Friday, March 13, 2009

A Great Dog Bakery

Dog bakeries are popping up all across the nation, and have become quite a trend in large and small cities. Some bakeries bake in house, some are owned by a larger corporation and have treats shipped in, some are organic, some have cookies containing meat products, some are strictly vegetarian, etc. It seems in the dog baking industry you must rely on something to set yourself apart. Personally, I love dog bakeries, particularly the organic ones.

One of my favorite dog bakeries is in Arlington, Virginia in a small strip mall. Located between a Starbucks (typical) and a bagel store Dogma blends right into suburban living. While their website leaves a bit to be desired, this bakery has unique charm. All treats are baked in-house (or at the owner’s house) and come with adorable names like Snickerpoodles, DC Delights, Mailmen, etc.

Their treat selection is vast, with probably 20 varieties of baked goods, and also homemade doggie ice cream. They are always willing to answer questions, even the detailed ones. I tend to ask about every single ingredient in treats, the baking process, how fresh the treats are and so on. At Dogma you will find treats baked within a few days of when you purchase them—absolutely all of their treats are fresh (which I love). Unlike the current fad of dog bakeries making the treats resemble fancy human deserts (think cannolis and extravagantly frosted martini glass cookies), Dogma sells treats that resemble grandma’s cookies, their muffins look like they were baked at home, and their pretzels are clearly twisted by hand. One advantage to avoiding the trend of heavily frosted cookies is not baking with gobs of butter. I’ve been to other dog bakeries that after much probing will admit a batch of their cookies contains four or more sticks of butter… this would never happen at Dogma. The treats are relatively healthy as far as treats go—think no white flour and lots of oatmeal based treats. The store is small for the amount of merchandise they have, a large gift section when you enter with everything from picture frames to water dishes, an entire wall of dog leashes and collars (they sell matching ribbon flip-flops), a small but quality selection of natural dog shampoos and conditioners, various supplements, dog beds, adorable toys (think plush blue box with white ribbon reading “Sniffany & Co.”) and a large freezer filled with all the raw diets your pet could need and of course the doggie ice cream.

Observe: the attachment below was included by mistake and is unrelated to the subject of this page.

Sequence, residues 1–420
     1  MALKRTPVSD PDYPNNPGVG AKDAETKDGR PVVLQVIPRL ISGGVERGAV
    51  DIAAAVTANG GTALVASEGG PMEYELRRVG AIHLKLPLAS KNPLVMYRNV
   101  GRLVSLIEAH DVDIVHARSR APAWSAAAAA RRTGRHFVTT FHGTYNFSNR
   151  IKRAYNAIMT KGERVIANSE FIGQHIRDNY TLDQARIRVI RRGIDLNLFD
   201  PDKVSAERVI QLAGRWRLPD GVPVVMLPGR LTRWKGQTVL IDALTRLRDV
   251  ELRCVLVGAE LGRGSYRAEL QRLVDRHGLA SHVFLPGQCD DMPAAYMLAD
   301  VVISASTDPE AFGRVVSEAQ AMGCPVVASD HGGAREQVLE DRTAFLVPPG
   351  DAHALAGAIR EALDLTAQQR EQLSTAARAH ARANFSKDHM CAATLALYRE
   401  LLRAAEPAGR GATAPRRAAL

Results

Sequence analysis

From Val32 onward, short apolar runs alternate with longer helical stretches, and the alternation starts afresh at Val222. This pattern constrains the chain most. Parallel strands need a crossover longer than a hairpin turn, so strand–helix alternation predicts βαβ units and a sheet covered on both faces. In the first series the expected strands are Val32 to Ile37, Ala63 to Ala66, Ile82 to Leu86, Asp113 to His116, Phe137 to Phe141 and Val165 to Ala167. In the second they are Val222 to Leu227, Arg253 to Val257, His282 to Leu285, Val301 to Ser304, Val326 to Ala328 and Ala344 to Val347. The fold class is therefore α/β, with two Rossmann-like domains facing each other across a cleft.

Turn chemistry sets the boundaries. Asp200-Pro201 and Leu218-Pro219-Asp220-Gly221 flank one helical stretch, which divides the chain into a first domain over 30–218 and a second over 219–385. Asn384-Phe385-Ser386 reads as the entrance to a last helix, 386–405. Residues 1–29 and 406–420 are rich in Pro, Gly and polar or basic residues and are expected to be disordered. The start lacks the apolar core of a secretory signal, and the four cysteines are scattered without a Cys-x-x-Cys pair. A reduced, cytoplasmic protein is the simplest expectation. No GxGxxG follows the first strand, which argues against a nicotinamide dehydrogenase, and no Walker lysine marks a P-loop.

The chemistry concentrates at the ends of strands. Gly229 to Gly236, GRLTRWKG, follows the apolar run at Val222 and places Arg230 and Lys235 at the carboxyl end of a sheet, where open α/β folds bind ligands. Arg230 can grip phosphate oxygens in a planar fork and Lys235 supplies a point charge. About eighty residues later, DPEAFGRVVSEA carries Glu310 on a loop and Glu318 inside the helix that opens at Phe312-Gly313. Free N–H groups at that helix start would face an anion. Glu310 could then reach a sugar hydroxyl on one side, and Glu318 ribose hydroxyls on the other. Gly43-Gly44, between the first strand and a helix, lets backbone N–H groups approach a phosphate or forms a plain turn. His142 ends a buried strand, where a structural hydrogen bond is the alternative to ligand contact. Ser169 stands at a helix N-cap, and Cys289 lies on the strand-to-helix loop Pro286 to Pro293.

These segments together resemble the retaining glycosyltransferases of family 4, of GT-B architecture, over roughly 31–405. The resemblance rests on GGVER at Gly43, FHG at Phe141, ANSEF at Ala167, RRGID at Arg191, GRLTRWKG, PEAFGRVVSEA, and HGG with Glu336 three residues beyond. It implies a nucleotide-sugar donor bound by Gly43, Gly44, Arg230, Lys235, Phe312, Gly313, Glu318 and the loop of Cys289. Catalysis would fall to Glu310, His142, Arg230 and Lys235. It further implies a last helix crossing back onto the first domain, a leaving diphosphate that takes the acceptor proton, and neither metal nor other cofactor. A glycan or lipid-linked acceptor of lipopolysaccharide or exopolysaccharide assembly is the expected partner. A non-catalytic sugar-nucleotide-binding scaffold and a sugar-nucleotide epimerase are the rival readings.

They do not have meat products in their baked goods, which I find to be their only drawback. In order for a dog bakery owner to sell treats containing meat they need a separate license in many states, so from a cost standpoint vegetarian treats are a wise way to go. They do however sell dehydrated meat pre-packaged. Milly goes crazy for the dehydrated liver chips. They are made locally and all natural—great for baiting a show dog or using as training treat.

The store has charm and lots of it. Employees are always smiling, and more often than not the shop owner is the one behind the counter. For price conscious shoppers Dogma usually offers slightly over baked treats at very large discounts—trust me, your dog won’t notice the difference if it is a little over cooked, as well as a nice sale section with discontinued gift items, last season items, etc. They have a large bulletin board for pet owners to get info on local animal happenings, rescue groups to post their available pet flyers, dog sitters and artists to post flyers, etc.

If you are ever in Arlington, VA I highly recommend stopping by Dogma.

1 comment:

  1. Dear Miss Muddy Paws,

    I am the owner of Dogma Bakery and I can't tell you how much I appreciate your kind words. I don't even know how I found this blog; but I am very glad that I did.

    Everything you wrote about Dogma is truly what I wanted our customers to experience; and I can't wait to show the employees what you feel about the store. I am proud of them and the job they do to make Dogma what it is today.

    Thank you very much and please come to see us again.

    Sheila Raebel